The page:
Older women with both diabetes and naturally high oestrogen levels are 14 times more likely to develop dementia than women without diabetes, according to new research.
The study from the French National Institute of Health and Medical Research also found that women with high levels of oestrogen - but no diabetes - were at an increased risk of dementia, but at a much lower level than those with diabetes.
Researchers measured the level of blood oestrogen hormones in 5,644 post-menopausal women aged 65 years or older that didn't have dementia. Four years later, these women were assessed for dementia and common dementia risk factors including diabetes and high blood pressure. The study is published in the journal Neurology.
Comparing 132 women with dementia to 543 women without it, those with both very low and very high levels of natural oestrogen were twice as likely to develop the condition when compared to those with normal oestrogen levels. But in the 10 women with both diabetes and high oestrogen, this risk was amplified even further and was 14 times greater than for women with diabetes and normal hormone levels.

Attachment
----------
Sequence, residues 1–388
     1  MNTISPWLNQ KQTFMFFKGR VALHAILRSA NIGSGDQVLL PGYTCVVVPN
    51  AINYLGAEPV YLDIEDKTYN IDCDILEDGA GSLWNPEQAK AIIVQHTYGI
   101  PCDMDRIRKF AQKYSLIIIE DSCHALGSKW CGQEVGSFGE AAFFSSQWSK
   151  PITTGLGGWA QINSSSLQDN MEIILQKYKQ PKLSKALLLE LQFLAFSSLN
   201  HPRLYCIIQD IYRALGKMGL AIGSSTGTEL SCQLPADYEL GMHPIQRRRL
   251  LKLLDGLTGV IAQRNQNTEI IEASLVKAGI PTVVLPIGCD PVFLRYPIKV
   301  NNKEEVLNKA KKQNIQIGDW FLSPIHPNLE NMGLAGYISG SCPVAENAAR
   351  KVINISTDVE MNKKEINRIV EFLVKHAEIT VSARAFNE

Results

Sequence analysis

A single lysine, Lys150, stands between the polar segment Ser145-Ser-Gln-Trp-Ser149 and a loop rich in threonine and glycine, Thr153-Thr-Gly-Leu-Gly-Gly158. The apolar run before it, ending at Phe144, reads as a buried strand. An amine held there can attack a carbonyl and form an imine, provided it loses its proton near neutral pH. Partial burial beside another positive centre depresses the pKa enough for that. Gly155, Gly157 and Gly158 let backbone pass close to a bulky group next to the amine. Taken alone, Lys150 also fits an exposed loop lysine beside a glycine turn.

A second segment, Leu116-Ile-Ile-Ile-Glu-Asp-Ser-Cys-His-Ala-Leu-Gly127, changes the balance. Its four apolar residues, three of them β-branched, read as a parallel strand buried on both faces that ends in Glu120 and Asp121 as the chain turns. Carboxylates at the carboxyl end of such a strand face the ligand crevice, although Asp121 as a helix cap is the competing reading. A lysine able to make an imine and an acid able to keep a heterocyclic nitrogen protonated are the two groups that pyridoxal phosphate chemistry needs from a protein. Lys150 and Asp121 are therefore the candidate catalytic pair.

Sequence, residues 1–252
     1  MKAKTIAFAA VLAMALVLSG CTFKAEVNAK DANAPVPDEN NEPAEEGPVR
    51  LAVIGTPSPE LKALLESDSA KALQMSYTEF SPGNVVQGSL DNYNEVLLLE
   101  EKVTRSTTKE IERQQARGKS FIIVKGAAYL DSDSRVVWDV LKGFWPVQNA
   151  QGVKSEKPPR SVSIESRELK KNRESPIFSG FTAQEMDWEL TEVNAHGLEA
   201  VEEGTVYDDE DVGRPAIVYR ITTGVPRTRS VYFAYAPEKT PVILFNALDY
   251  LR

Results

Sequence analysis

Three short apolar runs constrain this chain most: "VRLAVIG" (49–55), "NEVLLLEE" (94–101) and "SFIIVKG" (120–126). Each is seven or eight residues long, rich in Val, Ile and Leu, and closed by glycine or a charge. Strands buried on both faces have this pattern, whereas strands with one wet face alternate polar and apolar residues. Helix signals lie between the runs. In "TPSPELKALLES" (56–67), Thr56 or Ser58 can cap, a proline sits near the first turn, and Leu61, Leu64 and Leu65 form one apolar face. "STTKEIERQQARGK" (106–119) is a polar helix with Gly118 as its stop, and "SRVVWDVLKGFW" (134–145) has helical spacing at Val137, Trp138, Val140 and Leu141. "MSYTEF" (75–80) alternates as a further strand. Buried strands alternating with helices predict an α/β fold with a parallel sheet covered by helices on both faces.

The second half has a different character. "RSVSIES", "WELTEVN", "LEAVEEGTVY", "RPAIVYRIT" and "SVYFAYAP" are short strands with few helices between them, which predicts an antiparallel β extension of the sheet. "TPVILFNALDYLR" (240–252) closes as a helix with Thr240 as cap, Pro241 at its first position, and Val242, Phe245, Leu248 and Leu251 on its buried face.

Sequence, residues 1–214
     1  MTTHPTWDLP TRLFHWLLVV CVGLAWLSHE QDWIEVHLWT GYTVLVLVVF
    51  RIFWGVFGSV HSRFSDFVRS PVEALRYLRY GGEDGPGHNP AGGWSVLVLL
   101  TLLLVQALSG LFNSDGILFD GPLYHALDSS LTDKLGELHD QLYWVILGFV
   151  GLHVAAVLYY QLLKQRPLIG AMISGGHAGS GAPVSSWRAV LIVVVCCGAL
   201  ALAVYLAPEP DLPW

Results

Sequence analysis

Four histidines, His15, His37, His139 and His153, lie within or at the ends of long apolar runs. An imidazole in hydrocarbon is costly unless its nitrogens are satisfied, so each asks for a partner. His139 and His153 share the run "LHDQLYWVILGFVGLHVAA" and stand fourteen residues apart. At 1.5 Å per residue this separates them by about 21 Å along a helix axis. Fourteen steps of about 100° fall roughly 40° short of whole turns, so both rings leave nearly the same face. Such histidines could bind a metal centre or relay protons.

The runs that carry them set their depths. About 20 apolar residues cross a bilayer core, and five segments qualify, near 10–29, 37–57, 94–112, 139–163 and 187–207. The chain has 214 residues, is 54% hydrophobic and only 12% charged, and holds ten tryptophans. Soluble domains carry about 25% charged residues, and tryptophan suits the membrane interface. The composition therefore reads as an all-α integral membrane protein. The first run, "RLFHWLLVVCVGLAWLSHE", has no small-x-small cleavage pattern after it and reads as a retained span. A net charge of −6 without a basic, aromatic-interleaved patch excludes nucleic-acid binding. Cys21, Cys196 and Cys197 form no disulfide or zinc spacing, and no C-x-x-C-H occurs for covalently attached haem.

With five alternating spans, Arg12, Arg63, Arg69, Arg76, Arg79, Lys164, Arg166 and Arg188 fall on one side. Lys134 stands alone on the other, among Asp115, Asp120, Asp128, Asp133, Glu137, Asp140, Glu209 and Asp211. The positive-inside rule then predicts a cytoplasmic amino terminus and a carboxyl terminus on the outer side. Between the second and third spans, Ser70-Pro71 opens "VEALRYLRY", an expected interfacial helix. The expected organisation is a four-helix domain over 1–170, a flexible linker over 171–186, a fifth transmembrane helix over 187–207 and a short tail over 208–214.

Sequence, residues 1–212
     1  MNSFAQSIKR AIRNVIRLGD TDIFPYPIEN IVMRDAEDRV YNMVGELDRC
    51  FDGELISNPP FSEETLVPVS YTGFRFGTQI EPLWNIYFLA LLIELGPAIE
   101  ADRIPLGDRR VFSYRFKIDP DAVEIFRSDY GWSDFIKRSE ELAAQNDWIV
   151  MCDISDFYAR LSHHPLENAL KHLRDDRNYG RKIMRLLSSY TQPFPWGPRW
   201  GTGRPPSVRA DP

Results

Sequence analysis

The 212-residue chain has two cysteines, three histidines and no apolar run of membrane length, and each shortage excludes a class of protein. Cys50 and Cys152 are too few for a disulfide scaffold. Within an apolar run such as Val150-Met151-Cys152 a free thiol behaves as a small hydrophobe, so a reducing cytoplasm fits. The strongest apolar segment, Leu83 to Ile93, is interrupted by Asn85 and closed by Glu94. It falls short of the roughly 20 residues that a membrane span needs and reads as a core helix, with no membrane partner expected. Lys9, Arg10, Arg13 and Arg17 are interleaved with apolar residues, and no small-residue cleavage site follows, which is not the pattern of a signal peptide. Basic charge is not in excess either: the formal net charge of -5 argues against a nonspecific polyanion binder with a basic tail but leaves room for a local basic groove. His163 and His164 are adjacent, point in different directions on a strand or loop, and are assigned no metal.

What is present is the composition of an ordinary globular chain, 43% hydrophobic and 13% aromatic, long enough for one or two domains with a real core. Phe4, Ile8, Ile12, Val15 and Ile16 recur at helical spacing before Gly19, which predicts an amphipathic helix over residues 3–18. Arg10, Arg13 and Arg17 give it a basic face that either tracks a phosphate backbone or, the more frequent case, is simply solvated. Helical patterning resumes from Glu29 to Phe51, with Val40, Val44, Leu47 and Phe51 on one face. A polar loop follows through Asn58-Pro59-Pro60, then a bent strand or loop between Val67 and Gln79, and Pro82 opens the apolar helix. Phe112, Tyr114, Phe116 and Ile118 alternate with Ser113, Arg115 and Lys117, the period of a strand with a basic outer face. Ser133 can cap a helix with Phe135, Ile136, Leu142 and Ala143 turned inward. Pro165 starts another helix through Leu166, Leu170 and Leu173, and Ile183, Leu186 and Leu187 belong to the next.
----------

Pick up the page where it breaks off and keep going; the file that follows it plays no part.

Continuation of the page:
Dr Doug Brown, Director of Research and Development at Alzheimer's Society, says of the research findings:
'It is surprising to see that older women with both naturally high oestrogen levels and diabetes were so much more likely to develop dementia in this study. However, as this only applied to 10 women, we need to conduct much larger studies before reaching any conclusions.
'Although it's very difficult to do anything about lowering your oestrogen levels, we do know that people can take steps to reduce their chance of developing diabetes. Adopting a healthy diet and taking regular exercise might be the key to helping prevent both diabetes and dementia.'